I am a teacher of Christian theology, and as the principle source book of Christian Theology is a Greek book, and a large part of its literature is written in Latin, I am predisposed to desire that Greek and Latin should have a large place in academic training. I fully recognize, however, that the training given in our academic institutions should not be determined by the needs of any one profession. Its primary object, in my view, in fact is not so much to impart knowledge as to form mind; and it is because I have a clear and, as I believe, well founded conviction that a sound classical training provides the best means at our disposal for a sound mental discipline that I am an earnest advocate of it. Were we for any reason debarred from the use of the classics, I have little question that much the same training which we now obtain from them could be obtained without them. But neither do I have that much doubt that the same training could not be obtained without them without a larger expenditure of both labor and effort. So long as we have the choice in a free field the classical course, in my judgment, should be chosen as supplying the best means as yet known of general mental discipline. What I chiefly value in it is the quality of mind which it produces.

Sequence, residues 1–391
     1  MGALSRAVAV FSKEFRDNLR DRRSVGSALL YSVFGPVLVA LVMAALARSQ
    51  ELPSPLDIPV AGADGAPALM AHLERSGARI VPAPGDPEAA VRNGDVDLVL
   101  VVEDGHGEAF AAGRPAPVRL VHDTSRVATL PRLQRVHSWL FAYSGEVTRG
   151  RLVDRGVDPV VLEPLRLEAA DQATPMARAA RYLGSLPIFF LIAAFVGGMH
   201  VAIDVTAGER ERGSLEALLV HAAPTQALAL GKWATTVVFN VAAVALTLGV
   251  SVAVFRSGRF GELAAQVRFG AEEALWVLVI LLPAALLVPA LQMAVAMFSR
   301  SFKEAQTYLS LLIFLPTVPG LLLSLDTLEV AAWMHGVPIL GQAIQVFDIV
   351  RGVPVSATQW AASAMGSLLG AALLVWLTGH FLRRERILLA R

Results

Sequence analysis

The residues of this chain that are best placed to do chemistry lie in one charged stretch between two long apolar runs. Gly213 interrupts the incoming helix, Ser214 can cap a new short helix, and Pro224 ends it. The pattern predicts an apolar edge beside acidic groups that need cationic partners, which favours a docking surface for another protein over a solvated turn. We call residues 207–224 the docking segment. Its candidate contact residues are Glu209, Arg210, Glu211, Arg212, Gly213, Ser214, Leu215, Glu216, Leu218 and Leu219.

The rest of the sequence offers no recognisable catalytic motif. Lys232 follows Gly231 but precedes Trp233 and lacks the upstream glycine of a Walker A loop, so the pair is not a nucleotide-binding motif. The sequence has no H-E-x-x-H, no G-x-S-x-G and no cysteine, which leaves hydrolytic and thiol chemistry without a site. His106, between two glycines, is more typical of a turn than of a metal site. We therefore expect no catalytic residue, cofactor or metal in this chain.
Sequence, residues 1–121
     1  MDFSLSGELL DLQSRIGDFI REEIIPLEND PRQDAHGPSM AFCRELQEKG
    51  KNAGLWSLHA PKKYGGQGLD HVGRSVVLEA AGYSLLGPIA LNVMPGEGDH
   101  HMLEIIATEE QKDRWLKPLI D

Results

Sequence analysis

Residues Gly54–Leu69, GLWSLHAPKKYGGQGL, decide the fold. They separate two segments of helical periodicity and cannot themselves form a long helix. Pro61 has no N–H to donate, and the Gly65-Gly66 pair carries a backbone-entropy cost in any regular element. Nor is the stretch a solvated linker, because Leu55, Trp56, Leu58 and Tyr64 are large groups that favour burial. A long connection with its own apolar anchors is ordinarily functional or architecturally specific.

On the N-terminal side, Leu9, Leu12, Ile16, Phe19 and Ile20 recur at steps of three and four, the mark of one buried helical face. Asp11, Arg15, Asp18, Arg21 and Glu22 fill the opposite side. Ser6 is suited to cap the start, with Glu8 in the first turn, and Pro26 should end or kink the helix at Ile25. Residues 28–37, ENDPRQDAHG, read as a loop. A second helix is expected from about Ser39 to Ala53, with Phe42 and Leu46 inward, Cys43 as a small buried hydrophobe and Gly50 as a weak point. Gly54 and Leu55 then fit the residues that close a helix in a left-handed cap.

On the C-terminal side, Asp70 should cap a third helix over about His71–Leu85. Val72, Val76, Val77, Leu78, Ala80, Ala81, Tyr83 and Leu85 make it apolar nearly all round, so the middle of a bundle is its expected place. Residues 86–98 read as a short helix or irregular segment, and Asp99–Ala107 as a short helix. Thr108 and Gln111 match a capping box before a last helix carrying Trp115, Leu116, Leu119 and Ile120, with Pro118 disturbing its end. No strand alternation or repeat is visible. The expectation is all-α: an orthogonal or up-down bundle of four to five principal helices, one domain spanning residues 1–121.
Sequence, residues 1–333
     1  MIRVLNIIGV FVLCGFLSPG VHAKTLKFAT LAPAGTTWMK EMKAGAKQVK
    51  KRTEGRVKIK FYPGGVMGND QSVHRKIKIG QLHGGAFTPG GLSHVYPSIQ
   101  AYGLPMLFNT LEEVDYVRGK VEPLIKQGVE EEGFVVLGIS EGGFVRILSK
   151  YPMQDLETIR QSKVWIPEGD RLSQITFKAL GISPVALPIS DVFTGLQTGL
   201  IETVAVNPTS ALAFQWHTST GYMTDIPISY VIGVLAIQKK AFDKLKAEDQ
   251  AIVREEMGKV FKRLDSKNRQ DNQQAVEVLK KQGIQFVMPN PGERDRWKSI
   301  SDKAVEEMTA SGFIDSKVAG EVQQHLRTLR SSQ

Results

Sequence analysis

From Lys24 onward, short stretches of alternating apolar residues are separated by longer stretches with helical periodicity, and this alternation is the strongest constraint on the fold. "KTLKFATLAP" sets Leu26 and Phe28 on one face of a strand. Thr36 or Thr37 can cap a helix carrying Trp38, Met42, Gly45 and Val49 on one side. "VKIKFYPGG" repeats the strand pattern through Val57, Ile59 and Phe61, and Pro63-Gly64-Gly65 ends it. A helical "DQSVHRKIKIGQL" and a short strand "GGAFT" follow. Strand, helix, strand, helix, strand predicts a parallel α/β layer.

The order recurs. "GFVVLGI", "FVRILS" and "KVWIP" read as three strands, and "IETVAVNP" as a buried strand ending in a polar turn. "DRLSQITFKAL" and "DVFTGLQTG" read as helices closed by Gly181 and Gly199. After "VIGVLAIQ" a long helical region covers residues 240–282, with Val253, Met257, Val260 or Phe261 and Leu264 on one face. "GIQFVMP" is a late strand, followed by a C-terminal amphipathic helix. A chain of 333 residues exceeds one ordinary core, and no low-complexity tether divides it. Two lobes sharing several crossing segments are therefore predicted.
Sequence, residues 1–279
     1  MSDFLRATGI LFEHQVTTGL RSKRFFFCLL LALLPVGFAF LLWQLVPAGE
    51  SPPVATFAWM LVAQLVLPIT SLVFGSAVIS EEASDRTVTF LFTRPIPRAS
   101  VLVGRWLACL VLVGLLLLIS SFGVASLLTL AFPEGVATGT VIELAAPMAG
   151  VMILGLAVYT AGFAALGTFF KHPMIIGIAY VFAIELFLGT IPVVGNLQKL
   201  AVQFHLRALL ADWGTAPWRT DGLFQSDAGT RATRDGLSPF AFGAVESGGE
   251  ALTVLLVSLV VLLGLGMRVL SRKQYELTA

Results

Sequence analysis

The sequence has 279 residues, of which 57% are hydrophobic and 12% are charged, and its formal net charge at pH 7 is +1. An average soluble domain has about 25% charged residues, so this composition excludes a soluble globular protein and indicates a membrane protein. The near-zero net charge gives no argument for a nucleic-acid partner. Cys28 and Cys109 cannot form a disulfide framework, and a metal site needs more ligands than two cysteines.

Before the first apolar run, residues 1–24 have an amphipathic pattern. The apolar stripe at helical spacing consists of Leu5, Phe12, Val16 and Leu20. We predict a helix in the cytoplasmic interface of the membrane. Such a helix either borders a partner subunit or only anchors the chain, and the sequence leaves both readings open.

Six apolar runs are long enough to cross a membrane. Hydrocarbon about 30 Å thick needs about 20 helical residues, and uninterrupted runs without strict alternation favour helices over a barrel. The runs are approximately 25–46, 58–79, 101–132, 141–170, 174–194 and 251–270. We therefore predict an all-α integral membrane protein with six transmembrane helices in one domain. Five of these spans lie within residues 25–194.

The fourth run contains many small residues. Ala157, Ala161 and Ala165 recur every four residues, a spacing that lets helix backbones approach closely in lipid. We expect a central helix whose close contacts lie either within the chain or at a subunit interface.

– Benjamin B. Warfield